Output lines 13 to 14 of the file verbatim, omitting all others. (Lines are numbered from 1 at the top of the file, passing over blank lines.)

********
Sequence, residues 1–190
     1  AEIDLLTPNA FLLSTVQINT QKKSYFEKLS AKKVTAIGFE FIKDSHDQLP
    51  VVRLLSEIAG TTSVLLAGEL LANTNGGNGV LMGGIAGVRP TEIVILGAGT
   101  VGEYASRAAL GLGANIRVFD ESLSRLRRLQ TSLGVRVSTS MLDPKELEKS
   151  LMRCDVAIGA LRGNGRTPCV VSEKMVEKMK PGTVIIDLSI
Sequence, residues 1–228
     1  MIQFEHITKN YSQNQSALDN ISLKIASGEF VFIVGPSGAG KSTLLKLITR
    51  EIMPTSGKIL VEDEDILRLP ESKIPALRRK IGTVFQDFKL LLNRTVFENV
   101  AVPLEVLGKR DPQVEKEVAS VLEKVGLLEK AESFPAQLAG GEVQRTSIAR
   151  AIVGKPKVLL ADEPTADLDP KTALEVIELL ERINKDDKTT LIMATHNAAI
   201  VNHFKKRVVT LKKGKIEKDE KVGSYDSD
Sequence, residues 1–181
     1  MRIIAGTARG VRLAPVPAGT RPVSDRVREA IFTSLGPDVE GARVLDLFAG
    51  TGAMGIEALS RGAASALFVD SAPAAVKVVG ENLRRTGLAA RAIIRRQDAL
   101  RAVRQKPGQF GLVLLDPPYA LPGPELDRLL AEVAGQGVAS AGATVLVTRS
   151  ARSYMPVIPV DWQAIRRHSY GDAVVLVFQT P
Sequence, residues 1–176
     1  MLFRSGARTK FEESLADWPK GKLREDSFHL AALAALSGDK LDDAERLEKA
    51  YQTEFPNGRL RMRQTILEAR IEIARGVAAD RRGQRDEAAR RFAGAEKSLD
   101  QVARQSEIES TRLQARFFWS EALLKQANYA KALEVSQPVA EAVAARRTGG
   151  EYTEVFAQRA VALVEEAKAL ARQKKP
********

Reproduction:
     1  MRIIAGTARG VRLAPVPAGT RPVSDRVREA IFTSLGPDVE GARVLDLFAG
    51  TGAMGIEALS RGAASALFVD SAPAAVKVVG ENLRRTGLAA RAIIRRQDAL